Chamunda, also known as Sachchi Mata, Chamundi, Chamundeshwari, and Charchika, is a fearsome aspect of Devi, the Hindu Divine Mother and one of the seven Matrikas. She is also one of the chief Yoginis, a group of sixty-four or eighty-one Tantric goddesses, the name is a combination of Chanda and Munda, two monsters whom Chamunda killed. She is closely associated with Kali, another aspect of Devi. She is sometimes identified with goddesses Parvati, Chandi or Durga as well, the goddess is often portrayed as haunting cremation grounds or fig trees. The goddess is worshipped by ritual animal sacrifices along with offerings of wine and in the ancient times, as the times have changed, meat, and wine are no longer offered. As of today it has known that animal sacrifices have been discouraged by texts such as the Ramayan. Originally Devi Chamunda was discovered in Hinduism and later entered the Jain pantheon too, though in Jainism, the rites of her worship include vegetarian offerings, and not the meat and liquor offerings. Ramakrishna Gopal Bhandarkar says that Chamunda was originally a form of Devi worshipped by the Munda peoples of the Vindhya range of central India and these tribes were known to offer goddesses animal as well as human sacrifices along with ritual offerings of liquor. These methods of worship were retained in Tantric worship of Chamunda and he proposes the fierce nature of this goddess is due of her association with Vedic Rudra, identified with fire god Agni at times. The black or red coloured Chamunda is described as wearing a garland of severed heads or skulls. She is described as having four, eight, ten or twelve arms, holding a Damaru, trishula, sword, a snake, skull-mace, thunderbolt, standing on a corpse of a man or seated on a defeated demon or corpse. Chamunda is depicted adorned by ornaments of bones, skulls, serpents and she also wears a Yajnopavita of skulls. She wears a jata mukuta, that is, headdress formed of piled, matted hair tied with snakes or skull ornaments, sometimes, a crescent moon is seen on her head. Her socket eyes are described as so intense that it burns the evil of all three worlds and she is accompanied by fiends and goblins. She is also shown to be surrounded by skeletons or ghosts and beasts like jackals, the jackal are her fearsome companions. The severed head and corpse represents the severing of the ego, the corpse hence is conquered by the Devi, showing that the Ego is conquered. The symbolism of the Devi is made as to one is given the impression of the reality of life. This form as well as many of the other Eight Matrikas all show the reality of life and they show the bareness, non sugar coated version of reality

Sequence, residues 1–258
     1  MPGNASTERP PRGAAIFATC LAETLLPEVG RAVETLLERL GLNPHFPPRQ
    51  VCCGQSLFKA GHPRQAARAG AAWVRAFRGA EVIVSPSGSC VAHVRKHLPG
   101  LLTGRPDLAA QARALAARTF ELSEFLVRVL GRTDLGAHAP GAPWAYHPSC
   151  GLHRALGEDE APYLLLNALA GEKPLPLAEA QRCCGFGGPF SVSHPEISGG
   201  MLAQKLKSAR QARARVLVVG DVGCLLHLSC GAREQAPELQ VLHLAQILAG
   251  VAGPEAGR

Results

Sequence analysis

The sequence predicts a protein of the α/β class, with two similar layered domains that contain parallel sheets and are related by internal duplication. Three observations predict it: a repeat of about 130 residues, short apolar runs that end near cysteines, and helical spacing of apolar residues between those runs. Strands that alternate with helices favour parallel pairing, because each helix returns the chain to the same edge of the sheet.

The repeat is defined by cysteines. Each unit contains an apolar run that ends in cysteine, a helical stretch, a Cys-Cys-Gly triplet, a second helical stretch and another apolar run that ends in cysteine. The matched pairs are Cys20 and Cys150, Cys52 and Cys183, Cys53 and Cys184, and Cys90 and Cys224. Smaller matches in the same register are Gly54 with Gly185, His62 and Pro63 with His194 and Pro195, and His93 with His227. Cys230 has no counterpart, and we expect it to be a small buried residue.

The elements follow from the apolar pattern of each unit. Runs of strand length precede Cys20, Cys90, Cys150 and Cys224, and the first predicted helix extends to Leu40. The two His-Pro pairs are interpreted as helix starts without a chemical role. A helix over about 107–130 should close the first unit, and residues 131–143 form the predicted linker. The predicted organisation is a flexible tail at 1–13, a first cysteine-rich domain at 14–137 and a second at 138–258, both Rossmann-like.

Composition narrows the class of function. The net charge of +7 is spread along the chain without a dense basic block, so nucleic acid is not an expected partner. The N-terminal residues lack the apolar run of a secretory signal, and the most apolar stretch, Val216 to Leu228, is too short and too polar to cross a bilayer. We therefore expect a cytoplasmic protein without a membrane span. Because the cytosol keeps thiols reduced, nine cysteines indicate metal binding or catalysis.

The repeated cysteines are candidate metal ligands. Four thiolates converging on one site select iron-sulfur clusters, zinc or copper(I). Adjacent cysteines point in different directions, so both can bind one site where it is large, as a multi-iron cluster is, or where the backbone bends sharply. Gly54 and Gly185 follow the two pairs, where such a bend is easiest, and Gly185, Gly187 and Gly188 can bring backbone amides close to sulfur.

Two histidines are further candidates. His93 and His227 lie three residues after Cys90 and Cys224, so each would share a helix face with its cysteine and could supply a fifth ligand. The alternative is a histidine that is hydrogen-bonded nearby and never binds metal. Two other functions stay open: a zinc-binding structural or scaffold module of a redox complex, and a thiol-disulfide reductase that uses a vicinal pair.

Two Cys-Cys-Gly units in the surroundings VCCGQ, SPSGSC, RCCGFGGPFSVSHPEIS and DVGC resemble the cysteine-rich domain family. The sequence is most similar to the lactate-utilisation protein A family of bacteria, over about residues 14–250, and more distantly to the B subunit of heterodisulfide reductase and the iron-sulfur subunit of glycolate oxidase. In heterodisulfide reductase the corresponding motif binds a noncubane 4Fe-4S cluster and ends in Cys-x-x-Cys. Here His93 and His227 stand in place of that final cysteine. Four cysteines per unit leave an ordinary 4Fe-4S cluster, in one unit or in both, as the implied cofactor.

Image: Orissa State Museum, Bhubaneswar (5) Oct 2010
The Goddess Ambika (here identified with: Durga or Chandi) leading the Eight Matrikas in Battle Against the Demon Raktabija, Folio from a Devi Mahatmya - (top row, from the left) Narashmi, Vaishnavi, Kumari, Maheshvari, Brahmi. (bottom row, from left) Varahi, Aindri and Chamunda, drinking the blood of demons (on right) arising from Raktabija's blood and Ambika.
Chamunda, British Museum. Odisha, 8th - 9th century AD India.